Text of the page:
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Waco fashion designer provides luxury prom experience for low income high school students

Roxana Robles poses with students from University High School before sending them off to prom.
Taylor Simon
Roxana Robles poses with students from University High School before sending them off to prom.

Roxana Robles has been making clothes since she was a six-year-old growing up in Monterrey, Mexico. Now, she's using her talents to change the lives of high school girls in Waco.

It’s 3 am in Waco, Texas and along Austin Avenue one house hums with activity.

Sewing machines and racks filled with dresses of various styles and sizes line the walls and the smell of hairspray and perfume permeates the air, offering a glimpse into the mission of Roxanna Robles, a Monterrey native turned Waco fashion designer.

Roxana Robles: “I started sewing maybe when I was like four or five. By the age of six, I already made my own shorts and tops and dresses. I went to college, I have my bachelors in fashion design and I have my masters in tailoring. So I’ve been doing this all my life.”

Robles moved to Waco 25 years ago, and was quick to put her fashion skills to use.

She’s served the community as a tailor for years, but it wasn’t until her daughter transferred to University High School and expressed concern for her fellow classmates' ability to pay for prom dresses, that is when Robles decided to dedicate her skills to helping young girls in need.

Roxana Robles: “She was telling me that there was a lot of need in the school, and I told her, how can I help? And she said mommy I feel so sad that there’s girls that cannot go to prom because they cannot afford a dress. And I was like, okay, I mean I can help, I can do this.”

Robles quickly jumped into action, and together with her partner Claudia Fraga, they spearheaded Dream Couture, an organization aimed at providing prom dresses to those who may otherwise struggle to afford them.

Claudia Fraga: "My reaction is always the same. Whatever you need, just let me know I'm here.”

Roxana Robles: “Yes, always." 

The pair collect gently used dresses to tailor and redesign based on the girl's style. Sometimes this means turning a size 12 dress into a size 4, or completely reassembling a dress to create brand something new.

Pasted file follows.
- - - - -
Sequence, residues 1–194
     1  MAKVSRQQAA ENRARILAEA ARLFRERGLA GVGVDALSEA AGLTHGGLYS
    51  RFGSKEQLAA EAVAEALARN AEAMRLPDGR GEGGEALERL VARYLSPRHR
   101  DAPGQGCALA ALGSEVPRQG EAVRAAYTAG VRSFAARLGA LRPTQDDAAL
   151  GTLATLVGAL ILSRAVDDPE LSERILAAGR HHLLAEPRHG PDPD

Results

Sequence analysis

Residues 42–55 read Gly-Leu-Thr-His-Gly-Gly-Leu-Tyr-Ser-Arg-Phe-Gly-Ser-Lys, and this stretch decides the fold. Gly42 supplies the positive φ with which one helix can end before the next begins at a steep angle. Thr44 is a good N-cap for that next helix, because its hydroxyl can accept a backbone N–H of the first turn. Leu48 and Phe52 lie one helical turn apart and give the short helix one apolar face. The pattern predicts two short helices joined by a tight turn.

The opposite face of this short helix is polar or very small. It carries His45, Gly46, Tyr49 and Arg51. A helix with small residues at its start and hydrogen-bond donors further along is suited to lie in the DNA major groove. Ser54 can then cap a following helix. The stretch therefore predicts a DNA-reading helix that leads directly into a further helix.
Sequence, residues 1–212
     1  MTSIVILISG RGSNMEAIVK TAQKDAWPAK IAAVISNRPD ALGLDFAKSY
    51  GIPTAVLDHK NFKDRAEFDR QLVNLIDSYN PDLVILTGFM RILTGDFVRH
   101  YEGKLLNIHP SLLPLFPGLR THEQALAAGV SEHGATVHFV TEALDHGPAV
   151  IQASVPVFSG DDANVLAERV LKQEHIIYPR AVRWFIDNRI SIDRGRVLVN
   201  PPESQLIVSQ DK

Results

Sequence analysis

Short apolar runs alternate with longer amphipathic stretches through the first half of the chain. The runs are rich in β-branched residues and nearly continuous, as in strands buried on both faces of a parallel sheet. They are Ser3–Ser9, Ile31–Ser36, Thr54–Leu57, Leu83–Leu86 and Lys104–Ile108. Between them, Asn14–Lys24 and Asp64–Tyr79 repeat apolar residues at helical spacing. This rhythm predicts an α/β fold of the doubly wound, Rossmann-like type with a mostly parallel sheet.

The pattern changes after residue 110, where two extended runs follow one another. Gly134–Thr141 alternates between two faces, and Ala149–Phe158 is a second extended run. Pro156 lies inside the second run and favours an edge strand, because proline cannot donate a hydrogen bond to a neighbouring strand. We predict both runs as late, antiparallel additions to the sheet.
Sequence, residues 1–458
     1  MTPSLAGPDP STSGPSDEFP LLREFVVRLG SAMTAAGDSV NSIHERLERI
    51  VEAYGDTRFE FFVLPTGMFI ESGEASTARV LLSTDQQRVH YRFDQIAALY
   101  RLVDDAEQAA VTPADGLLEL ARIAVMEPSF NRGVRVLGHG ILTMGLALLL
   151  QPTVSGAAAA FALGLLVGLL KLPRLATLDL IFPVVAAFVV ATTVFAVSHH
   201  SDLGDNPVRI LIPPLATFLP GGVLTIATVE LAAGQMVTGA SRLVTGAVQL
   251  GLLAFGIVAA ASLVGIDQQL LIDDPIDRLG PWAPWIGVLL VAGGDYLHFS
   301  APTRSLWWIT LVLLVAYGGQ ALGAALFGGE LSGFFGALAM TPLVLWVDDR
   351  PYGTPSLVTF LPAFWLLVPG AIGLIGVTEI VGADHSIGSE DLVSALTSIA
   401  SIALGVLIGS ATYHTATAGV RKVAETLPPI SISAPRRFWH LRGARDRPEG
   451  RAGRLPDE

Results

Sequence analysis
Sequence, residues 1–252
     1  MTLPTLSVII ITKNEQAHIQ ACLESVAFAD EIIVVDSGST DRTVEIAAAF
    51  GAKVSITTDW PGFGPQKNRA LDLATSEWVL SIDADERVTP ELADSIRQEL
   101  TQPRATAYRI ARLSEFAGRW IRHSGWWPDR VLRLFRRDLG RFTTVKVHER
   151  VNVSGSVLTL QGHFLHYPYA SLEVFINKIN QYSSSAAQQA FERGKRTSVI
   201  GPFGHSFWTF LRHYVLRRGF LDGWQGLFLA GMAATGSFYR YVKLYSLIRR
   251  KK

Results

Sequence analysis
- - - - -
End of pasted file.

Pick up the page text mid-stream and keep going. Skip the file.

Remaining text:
Claudia Fraga: “It’s beautiful, I mean it’s worth it when you see them smiling and happy and laughing.”

Roxana Robles: “Hugging you.” 

Claudia Fraga: “Yes.”

Roxana Robles: “And they say thank you so much, and it’s just really beautiful. And we cry.”

The pair can’t do it alone, though. Multiple local businesses have stepped up to offer their time and services for free, providing hair stylists, makeup artists, decorations, photographs, corsages, breakfast and dinner for the girls.

Claudia Fraga: “What’s beautiful is that people offer.”

This year Robles and her crew were able to give 32 girls a dream prom experience. Next year, they hope to double the number and become an official nonprofit.

Claudia Fraga: “We hope to be a nonprofit and continue to help more girls, more schools.”

They are also calling on the Waco community for support in preparation for next year's prom season, hoping to gather more dresses in more sizes.

Claudia Fraga: “Definitely need more large, extra large dresses. We need that option to be bigger, this year we only had one rack. Even big and tall, we hardly have any dresses like that. So if you have a prom dress that you’re not using, it’s collecting dust, we’re taking donations. You can drop them off at 360, 8 AM to 5 PM, Monday through Friday.”

To see if you or a family member qualify for the Dream Couture prom program, you can visit

Dream Couture girls: “Dream Couture!”